Soft contact lenses may be more comfortable than their rigid counterparts, but they can tear easily. Lenses that have a greater water content or that are extra thin are more prone to tearing. Lenses can tear as a result of improper insertion or removal from the eye, or because the lens has dried out. Torn lenses should be removed because they can scratch and irritate the eye. This process is similar to removing an intact contact lens but requires additional care and precision.
Find a mirror in a well-lit area. This is important because it will allow you to see the contact lens and any fragments more easily.
Wash and dry your hands with a lint-free towel. It is important to have clean and dry hands before you begin; otherwise, you can introduce dirt and dust into your eye, causing irritation.
Add a few drops of eye lubricating solution to the eye with the torn contact lens. The contact lens advice website Ask The Contact Lens Guy explains that proper lubrication of the eye is important for removing the lens because it will moisten your torn lens. This will help keep the lens from sticking to your eye.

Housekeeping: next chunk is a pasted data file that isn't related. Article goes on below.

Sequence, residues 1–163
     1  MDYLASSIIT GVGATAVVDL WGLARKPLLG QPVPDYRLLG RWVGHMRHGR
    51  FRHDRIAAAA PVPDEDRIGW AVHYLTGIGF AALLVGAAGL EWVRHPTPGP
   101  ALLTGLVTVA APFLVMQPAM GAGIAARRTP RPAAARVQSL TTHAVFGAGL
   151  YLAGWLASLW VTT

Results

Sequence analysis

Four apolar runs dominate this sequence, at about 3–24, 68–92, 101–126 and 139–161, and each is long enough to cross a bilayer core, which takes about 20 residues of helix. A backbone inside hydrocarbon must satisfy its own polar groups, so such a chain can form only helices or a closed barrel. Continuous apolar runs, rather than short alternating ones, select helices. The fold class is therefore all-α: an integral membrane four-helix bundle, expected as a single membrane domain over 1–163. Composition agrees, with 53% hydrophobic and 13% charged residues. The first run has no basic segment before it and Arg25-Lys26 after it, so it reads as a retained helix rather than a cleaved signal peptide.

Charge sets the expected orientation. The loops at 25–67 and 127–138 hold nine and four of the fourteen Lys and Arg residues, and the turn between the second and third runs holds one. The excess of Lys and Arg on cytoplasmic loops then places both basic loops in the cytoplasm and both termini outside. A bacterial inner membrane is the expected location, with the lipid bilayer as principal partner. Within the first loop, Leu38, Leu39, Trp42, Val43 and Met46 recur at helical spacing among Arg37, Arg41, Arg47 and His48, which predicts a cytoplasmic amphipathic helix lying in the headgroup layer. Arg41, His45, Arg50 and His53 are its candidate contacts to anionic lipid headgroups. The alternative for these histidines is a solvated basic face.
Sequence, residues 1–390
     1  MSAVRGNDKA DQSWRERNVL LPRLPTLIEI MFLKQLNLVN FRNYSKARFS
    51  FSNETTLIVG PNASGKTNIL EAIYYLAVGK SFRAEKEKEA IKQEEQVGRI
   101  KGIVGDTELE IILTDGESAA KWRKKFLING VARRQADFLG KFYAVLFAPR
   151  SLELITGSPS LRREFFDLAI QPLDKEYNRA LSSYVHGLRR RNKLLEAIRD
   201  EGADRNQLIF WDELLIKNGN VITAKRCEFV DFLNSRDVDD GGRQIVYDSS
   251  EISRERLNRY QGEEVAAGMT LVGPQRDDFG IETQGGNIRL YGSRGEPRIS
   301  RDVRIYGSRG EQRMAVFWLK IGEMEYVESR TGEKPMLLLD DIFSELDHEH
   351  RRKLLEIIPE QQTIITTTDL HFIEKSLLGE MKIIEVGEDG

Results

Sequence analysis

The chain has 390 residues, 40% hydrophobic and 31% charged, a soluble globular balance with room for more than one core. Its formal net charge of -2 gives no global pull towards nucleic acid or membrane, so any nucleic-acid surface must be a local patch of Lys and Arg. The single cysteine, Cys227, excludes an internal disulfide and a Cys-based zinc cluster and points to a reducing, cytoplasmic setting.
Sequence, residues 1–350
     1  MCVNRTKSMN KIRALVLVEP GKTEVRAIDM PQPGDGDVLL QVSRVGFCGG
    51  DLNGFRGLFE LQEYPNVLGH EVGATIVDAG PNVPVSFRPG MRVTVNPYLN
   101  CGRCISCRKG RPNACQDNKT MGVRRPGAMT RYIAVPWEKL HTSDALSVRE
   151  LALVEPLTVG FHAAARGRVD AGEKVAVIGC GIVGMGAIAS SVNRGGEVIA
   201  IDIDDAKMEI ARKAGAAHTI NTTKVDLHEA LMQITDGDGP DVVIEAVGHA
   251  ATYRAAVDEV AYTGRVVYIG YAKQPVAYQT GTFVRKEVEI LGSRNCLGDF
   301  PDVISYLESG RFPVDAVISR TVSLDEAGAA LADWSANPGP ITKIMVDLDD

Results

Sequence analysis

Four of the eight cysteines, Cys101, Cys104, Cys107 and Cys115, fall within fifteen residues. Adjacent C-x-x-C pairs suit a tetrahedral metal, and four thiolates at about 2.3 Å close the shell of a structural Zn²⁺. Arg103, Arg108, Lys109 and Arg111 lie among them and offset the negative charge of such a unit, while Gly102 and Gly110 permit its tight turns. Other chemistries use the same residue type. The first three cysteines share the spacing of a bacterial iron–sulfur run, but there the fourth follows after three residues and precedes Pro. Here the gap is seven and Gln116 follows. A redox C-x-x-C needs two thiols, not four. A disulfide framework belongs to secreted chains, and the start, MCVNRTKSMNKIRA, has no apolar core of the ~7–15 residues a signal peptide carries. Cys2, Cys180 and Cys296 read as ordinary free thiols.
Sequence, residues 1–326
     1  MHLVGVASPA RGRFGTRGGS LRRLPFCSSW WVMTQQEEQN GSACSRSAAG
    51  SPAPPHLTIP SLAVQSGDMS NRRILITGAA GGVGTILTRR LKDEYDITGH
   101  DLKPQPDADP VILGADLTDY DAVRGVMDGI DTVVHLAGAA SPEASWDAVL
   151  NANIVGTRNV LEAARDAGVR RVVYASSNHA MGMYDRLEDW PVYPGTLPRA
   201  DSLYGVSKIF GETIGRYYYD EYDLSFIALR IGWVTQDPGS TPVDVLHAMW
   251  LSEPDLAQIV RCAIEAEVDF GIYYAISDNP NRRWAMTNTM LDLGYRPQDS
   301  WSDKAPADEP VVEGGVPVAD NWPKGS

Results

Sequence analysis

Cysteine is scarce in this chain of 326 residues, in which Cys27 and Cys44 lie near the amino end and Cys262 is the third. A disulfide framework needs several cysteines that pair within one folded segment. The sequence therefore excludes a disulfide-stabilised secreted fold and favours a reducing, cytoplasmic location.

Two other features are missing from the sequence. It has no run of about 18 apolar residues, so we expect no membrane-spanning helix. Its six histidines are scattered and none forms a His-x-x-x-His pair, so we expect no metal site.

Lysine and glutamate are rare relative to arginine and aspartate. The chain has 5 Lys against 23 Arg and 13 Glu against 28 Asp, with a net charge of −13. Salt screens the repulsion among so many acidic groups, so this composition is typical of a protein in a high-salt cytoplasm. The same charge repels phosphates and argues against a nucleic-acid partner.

Pull your lower eyelid down with one hand, using your thumb and middle finger. This is part of the standard contact lens removal instructions given by Opti-Free and will allow you to gain access to your eye without touching the pupil and cornea, which are sensitive.
Use your index finger to slide the largest part of the torn lens down to the lower part of your eye.
Use your thumb and forefinger of your other hand to pinch the contact lens. This will cause it to fold together and come off into your hand.
Wet the torn contact lens and examine it. Wetting the contact lens will help it unfold. This is important because you can then inspect the lens to see whether any fragments are still in your eye. If there does not appear to be a whole lens present, you may have pieces of soft contact lens still in your eye.
Hold your upper eyelid with the thumb and middle finger of your eye and look down as far as you can. This will help any remaining pieces of the contact lens slide toward the center of your eye. Do the same for your lower eyelid, only look upward this time.
Inspect your eye for any visible contact lens fragments. If necessary, you can gently touch your eye with one finger to see if you can palpate any lens pieces.
Grasp your lower eyelid with one hand and move the contact lens pieces down to the lower portion of your eye, as in steps 4 and 5. Gently remove the fragments.